Stakeholders have many regulations and protocols with security compliance in the financial services space. In order to meet the objectives of both PCI DSS and NIST, it’s important to understand what each one is, how it works, and how to meet those requirements.
What is NIST?
The National Institute of Standards and Technology (NIST) is designed to lead the development of a Cybersecurity Framework. This provides a prioritized, flexible, repeatable, performance-based and cost-effective approach to help owners and operators of critical infrastructure identify, assess and manage cyber risks through self-guided assistance for organizations. This framework also aids risk and cybersecurity management communications between internal and external organizational stakeholders.
What is PCI DSS?
PCI DSS, or Payment Card Industry Data Security Standard was created in 2004 by Visa, MasterCard, Discover, and American Express and is a widely accepted set of policies and procedures intended to optimize the security of credit, debit and cash card transactions. These policies protect cardholders against misuse of their personal information.
What are the differences?
PCI DSS defines the security requirements for protecting payment card data, and outlines validation procedures and guidance to assist organizations in understanding what the requirements mean. PCI DSS also elaborates on six major objectives:
- Secure network must be maintained where transactions can be conducted. This involves using firewalls that can be effective without causing an inconvenience to cardholders or vendors.
- Cardholder information must be protected wherever it is stored. Cardholder data should be encrypted effectively to protect the information when transmitted through public networks, or e-commerce.
- Systems should be protected against the activities of malicious hackers by using frequently updated anti-virus software, anti-spyware programs and other anti-malware solutions. Patches offered by software and operating system (OS) vendors should be installed on a regular basis to ensure the highest levels of risk management.
- Access to system information and operations should be restricted and controlled. Cardholder data should be protected physically as well as electronically.
- Networks must be constantly monitored and regularly tested to ensure all security measures and processes are in place, functioning property and kept up-to-date. All exchanged data should be scanned on a continuous basis.
- A formal information security policy must be defined, maintained and followed at all times by all participating entities, which includes audits and penalties for non-compliance.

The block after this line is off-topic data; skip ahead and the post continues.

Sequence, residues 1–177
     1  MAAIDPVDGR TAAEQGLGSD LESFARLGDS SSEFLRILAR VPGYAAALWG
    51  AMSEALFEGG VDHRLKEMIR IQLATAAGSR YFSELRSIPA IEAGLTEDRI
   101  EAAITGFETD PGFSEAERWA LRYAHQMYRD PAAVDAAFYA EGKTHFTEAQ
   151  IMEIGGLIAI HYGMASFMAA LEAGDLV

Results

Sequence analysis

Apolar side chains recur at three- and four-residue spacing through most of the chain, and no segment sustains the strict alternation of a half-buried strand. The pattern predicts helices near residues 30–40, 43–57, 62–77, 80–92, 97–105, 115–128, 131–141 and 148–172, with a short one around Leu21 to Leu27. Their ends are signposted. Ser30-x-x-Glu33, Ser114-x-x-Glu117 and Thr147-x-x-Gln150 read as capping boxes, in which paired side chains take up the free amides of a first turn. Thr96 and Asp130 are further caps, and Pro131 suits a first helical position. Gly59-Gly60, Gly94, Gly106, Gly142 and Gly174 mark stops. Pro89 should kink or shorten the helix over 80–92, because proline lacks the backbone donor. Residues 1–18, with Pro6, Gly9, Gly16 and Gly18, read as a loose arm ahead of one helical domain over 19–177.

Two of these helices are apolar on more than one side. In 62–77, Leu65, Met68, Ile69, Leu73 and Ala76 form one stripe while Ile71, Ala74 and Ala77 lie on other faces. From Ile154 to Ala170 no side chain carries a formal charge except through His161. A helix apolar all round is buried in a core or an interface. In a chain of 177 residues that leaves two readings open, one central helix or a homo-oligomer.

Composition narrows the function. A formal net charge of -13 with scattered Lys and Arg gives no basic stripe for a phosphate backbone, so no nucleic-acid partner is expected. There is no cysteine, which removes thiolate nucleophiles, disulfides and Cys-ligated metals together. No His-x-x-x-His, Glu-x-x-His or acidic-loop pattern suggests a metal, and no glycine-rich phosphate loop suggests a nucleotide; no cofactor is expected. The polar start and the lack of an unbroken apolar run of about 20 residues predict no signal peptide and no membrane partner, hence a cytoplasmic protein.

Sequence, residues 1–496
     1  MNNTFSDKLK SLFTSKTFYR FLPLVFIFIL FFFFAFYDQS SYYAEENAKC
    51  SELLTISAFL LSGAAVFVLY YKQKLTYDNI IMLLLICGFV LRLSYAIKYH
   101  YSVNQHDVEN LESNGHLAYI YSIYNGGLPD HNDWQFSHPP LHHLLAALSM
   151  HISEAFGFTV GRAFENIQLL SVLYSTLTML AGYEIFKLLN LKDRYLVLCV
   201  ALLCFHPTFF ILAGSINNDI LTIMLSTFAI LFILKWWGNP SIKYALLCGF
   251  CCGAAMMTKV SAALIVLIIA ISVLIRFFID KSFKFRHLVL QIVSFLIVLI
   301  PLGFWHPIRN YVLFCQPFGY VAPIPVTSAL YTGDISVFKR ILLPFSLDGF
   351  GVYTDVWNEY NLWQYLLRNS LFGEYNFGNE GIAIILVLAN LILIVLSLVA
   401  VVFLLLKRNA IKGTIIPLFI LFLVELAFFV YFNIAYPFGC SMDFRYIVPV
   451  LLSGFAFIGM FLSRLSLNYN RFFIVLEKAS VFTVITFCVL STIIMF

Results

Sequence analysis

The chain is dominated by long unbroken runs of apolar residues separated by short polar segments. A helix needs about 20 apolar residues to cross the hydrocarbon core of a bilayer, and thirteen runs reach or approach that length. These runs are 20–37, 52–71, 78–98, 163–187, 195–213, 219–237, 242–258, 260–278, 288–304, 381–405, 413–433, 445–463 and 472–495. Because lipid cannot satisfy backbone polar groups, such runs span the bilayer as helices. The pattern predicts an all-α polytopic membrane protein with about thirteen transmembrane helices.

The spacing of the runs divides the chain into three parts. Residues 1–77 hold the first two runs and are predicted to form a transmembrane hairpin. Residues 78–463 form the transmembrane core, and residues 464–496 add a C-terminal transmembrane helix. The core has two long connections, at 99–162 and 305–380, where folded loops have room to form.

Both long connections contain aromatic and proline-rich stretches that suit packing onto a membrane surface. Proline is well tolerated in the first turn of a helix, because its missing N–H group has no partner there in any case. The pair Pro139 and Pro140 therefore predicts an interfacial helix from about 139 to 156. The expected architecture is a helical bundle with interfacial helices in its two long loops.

NIST provides broad security and risk management objectives based on the environment being assessed. Each set of those objectives has discretionary applicability based on the scenario. By using the Framework, organizations can determine which activities are most important to critical operations and service delivery. As a common language in addressing cybersecurity risk management, it helps with awareness, improved communication and an understanding between and among IT, planning and operating units, and senior management. The Framework also addresses the cost and cost-effectiveness of cybersecurity risk management, in addition to providing help in managing risk for assets not under the direct management of a team.
How do they work?
While both of these provide security approaches addressing common security goals and principles relevant to security risks, they are not interchangeable. They differ in that the NIST identifies general security outcomes and activities, while the PCI DSS provides direction and guidance on how to meet security outcomes for payment environments.
PCI DSS and the NIST Cybersecurity Framework have a common goal: to enhance data security. Mapping PCI DSS to the NIST framework provides a resource to use in understanding how to align security efforts to meet the objectives of both.
How should stakeholders use these together?
NIST put together a mapping tool that outlines common security best practices of the two to showcase how meeting PCI DSS requirements can assist in achieving Framework outcomes for payment environments.
Stakeholders can utilize NIST mapping to identify opportunities for greater alignment between organizational security objectives and better control efficiencies. This mapping can help identify areas where the implementation of security controls can support both. Also, an entity’s internal evaluations to determine the effectiveness of any controls implemented can assist the entity in preparing for a PCI DSS or NIST assessment, or both.
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Both NIST and PCI DSS take time to implement based on the resources, capabilities and needs of an organization. Even with the current regulatory protocols, they are flexible enough where organizations can make their own choices on products and services available while providing cybersecurity protection.